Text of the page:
Steven Weinberg has sadly passed away today at the age of 88. Typically, whenever I hear about an influential physicist passing away, I often talk about their achievements and contribution to physics. However, it’s hard to do that for Weinberg because firstly, even going through just his major achievements and explaining them is a massive undertaking in itself since Weinberg has had a huge impact on most areas of modern physics — from particle to nuclear physics to cosmology to quantum gravity etc. — and anyone who knows anything about physics is probably already aware of his contributions and his genius. Secondly, even though I never met Weinberg, he had a very personal impact on my life and though I am a bit irreverent towards the notion of having ‘idols,’ I can say that Weinberg was a personal hero of mine, certainly when it comes to physics. This makes it harder to write an exposition on what he did because I am truly saddened by his death. Hence, this blog is more of a personal reflection of some of his work and its influence on my life.
Throughout my intellectual development, Weinberg’s influence has not been far away. I read his book The First Three Minutes, which focused on early universe cosmology, in my teens and found his explanations lucid as ever. I could obviously never read his papers back then or go through the catalog of his excellent textbooks; still, I focused on watching his many videos on YouTube back then. In fact, but one of my motivations for studying physics was that I could understand his papers. I remember during undergrad how giddy with happiness I was when any lecturer would even mention the name Weinberg and the absolute catharsis when during my particle physics lecture, I heard the term ‘Weinberg angle’ as we started to learn more and more about the Weinberg-Salam model. I remember how excited I felt that I was finally starting to grasp the technical details of Weinberg’s contribution to physics which landed him a Nobel Prize.
Later on, I read his ‘pop’ book Dreams of Final Theory and I learned the plethora of information that I thought I could never gain from a popular book at that stage. It’s rich with the history of particle physics which tries to highlight why unification was (and is) such a big deal in the subject, his debates with the biologist Ernst Mayr on emergentism v/s reductionism, philosophy of science, his scorn for positivism, and ultimately why there is a need for a final theory. This book is probably the best popular science book that I have ever read (popular in the sense there is little mathematical detail but that does not circumvent the rich conceptual and historical details that Weinberg goes to). Nima Arkani-Hamed described it along the lines of ‘the deepest popular science book you’ll ever read’ which I think is an apt description of it.
During my postgrad, I read some of his textbooks on quantum mechanics (QM) which were different than most books on QM that I had read since Weinberg forgoes the state vector notation. I wrestled (and still do) with his volumes (bits of the first two, I have never tried picking up the third) on Quantum Field Theory (QFT) and I hope I can get through them someday. I invested and bought his textbook on cosmology that sits on my shelf and I use it as a reference book. When it comes to philosophy of science, I think his article The Revolution That Didn’t Happen is one of the best criticisms of Kuhn’s work. Even at 88 years old, Weinberg continued to work; he just published a whole textbook, Foundations of Modern Physics, just a few months ago and was participating in workshops and seminars online. His last paper on effective field theory came out earlier this year (based on an earlier lecture he gave last year), and I have been slowly chipping away at it for the past few days. The topic of my master’s thesis was built around effective field theory (of which Weinberg was one of the earlier pioneers) and once again I was learning from Weinberg’s work directly.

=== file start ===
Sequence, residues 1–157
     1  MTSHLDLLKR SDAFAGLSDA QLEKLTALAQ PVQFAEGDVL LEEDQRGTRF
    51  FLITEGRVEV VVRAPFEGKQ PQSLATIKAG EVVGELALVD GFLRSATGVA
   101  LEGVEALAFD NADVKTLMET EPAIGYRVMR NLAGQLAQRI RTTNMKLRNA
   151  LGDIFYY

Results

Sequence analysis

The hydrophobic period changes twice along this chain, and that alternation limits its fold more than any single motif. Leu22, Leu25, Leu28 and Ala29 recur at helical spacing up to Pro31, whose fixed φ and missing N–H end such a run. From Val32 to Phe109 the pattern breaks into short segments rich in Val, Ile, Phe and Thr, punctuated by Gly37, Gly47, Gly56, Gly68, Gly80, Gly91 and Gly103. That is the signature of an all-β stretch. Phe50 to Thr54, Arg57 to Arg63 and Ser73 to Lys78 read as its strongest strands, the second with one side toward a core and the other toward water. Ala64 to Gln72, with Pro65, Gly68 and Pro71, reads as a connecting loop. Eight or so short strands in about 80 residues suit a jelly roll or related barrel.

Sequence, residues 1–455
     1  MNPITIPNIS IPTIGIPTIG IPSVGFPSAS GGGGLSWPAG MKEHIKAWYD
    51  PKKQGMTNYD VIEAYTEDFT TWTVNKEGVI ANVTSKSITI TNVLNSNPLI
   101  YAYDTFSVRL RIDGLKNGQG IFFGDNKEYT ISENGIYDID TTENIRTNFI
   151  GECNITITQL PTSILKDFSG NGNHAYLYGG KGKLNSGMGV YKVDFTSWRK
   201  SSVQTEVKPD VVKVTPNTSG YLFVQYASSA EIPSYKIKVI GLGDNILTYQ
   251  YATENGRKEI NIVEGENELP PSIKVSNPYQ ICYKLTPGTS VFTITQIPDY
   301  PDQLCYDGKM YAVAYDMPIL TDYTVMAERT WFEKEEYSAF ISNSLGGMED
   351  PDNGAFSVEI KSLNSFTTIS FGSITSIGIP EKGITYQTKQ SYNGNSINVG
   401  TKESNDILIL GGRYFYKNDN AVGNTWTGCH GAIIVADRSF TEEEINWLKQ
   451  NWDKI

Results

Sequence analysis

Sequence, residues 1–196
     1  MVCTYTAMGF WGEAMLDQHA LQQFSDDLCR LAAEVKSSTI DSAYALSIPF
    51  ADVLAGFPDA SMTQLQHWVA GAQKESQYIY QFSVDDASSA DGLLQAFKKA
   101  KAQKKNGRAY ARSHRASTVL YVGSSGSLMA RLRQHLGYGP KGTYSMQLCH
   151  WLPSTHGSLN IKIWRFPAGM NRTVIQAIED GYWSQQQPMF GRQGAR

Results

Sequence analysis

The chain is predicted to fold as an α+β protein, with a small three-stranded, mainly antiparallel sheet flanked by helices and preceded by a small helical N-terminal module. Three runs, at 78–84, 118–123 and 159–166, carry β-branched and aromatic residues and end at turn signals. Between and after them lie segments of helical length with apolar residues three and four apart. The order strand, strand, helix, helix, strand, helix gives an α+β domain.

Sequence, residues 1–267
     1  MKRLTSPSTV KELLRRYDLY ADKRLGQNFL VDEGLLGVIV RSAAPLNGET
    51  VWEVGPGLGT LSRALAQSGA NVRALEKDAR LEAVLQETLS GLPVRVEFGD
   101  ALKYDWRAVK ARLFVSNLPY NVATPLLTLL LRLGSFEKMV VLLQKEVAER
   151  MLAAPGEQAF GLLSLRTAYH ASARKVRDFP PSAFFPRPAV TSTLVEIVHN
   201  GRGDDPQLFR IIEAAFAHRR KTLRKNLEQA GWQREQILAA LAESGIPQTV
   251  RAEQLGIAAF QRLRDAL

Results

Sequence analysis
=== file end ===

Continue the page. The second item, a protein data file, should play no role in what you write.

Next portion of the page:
I have just glossed over most of his work that influenced me, but I hope this communicates somewhat how from my teens till now, Weinberg’s work in one form or another has been a constant presence in my life and I owe a lot to him for my intellectual growth. Three years ago, I started to read his book Third Thoughts and he mentions in that book how he thinks it’s probably going to be his last book since he wouldn’t survive to write 4th thoughts (this was his third essay collection that was published). I remember the absolute sadness I felt because I knew that given his age, he was probably right but I wanted him to be wrong. Sadly, as is more often than not, he was right and he has died today, about 3 years after the book’s publication. I am deeply saddened by his death and it’s weird to feel that way about a person who has had a major influence on your life but they are probably not even aware of your existence, even though I know I am not alone in feeling like this. Today is a sad day for physics as a whole because we truly lost one of the last few remaining 20th century titans of the field. Weinberg lived a long and very productive life. Weinberg has immortalized himself with his work. You can count on about two hands the number of physicists in the history of humanity who have successfully worked on unification; Weinberg was one of them, thus joining the ranks of Maxwell, Einstein, and Newton. Even though Weinberg, the person (the first-person subjective experience he had of himself) has passed away, he will live on through his work and in the thoughts of people who have been influenced by his work — and there are many.
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